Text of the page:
Selling, marketing and administrative expense increased 4.8% versus prior year driven by planned elevated advertising level and investments in strategic growth capabilities. Operating expense for capabilities, including our ERP and supply chain program were slightly ahead of expectations for the quarter due to timing, however, remain on track for the year. Recall, we also increased our incentive program for key levels in our organization in Q4 of 2019. For the full year there is minimal impact from these changes versus 2019. However, due to the timing of the decision last year, the related incentive expense will be unfavorable in Q1, Q2 and Q3 and favorable in Q4.

Adjusted operating profit increased by 0.2% in the first quarter versus the prior period and adjusted operating profit margin came in at 23.1%, reflecting a 20 basis point decline versus the same period last year. Gross margin gains were more than offset by operating expense timing. Adjusted earnings per share diluted were $1.63 for the quarter, an increase of 2.5% versus the same period last year. Continued gross margin strength and favorable tax enabled additional business investment and offset the Easter sales headwind and the international COVID-19 pressures to deliver solid overall earnings growth. Note, the favorable tax in Q1 was driven by the timing of tax credits and we do not expect material changes to the full year tax outlook we provided in January.

Given our strong cash flow and balance sheet, we are confident we will be able to manage through the current crisis including maintaining strong liquidity. We believe we have adequate liquidity to meet our operating, investing and financing needs through operating cash flow further supported by access to bank lines and commercial paper. At the end of the first quarter we had approximately $1.1 billion in cash and cash equivalents on our balance sheet with $261 million in operating cash flow from the first quarter. We will continue to evaluate the situation moving forward and plan to prioritize cash utilization to meet our liquidity needs. Our strong free-free cash flow and healthy balance sheet, continue to remain a core strength and competitive advantage in these uncertain times.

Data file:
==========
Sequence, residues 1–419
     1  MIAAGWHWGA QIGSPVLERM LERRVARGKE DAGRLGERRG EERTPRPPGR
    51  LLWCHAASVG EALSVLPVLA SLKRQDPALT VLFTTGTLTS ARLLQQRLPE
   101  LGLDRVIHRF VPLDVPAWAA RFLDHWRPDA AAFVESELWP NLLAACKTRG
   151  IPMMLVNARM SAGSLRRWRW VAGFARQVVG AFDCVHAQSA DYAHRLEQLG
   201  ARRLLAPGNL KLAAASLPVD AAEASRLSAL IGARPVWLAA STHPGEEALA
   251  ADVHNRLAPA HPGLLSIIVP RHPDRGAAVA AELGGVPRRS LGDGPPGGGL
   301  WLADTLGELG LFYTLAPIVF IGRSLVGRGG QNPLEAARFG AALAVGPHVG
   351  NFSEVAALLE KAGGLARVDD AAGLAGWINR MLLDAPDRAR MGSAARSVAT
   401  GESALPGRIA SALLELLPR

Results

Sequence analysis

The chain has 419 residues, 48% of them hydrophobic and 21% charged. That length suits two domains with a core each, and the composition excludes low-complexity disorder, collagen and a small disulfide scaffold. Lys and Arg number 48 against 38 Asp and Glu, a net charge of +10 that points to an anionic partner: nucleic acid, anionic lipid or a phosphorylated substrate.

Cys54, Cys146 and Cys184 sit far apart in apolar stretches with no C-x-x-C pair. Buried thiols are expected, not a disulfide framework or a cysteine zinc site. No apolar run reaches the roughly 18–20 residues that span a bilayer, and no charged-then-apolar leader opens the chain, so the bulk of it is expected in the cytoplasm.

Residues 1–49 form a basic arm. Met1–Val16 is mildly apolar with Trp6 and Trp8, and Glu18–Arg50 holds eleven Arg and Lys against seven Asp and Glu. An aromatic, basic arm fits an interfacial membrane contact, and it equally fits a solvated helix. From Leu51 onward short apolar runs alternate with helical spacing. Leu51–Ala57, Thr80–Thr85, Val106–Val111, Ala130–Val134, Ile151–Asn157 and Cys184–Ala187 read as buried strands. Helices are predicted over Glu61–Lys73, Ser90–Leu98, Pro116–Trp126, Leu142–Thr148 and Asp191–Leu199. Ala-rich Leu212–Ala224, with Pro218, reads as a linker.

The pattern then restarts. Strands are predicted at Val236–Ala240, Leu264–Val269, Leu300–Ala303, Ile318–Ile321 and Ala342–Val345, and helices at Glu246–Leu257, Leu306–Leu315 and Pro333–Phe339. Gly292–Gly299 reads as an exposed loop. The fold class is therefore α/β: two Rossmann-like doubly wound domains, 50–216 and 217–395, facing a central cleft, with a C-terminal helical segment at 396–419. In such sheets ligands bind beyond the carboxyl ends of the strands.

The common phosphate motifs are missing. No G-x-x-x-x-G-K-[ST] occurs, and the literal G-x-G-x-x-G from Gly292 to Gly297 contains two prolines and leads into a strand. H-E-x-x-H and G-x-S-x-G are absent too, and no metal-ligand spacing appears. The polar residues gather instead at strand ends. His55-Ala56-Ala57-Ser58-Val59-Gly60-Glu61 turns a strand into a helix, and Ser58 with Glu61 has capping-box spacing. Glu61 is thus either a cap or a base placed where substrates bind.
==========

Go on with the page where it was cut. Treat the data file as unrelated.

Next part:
Recall, in January, we announced two significant investments for 2020 and 2021, including the ERP transformation and the supply chain capacity and capability initiatives. We plan to continue to move these projects forward as both investments are strategically important for long-term growth. That said, as Michelle mentioned, we did pause certain aspects of these projects and re-prioritized other capital projects to enable our teams to focus on the current prices. This is anticipated to delay our ERP implementation by approximately one year. As a result, we now expect capital spending in 2020 to be approximately $400 million to $450 million, rather than the $500 million we communicated in January.

In addition to investing for growth, returning cash to our shareholders remains a key priority now and over our 126-year history. This morning we announced the second quarter dividend, which is our 362nd consecutive quarterly dividend on the common stock. Additionally, the company repurchased $150 million of common stock in the first quarter under the $500 million authorization approved by the Board in July 2018. $260 million remain available for repurchases under this program. We also repurchased $19 million of common stock in connection with this exercise of stock options. We remain confident that our capital stewardship and allocation priority will allow for continued strong and sustainable shareholder returns.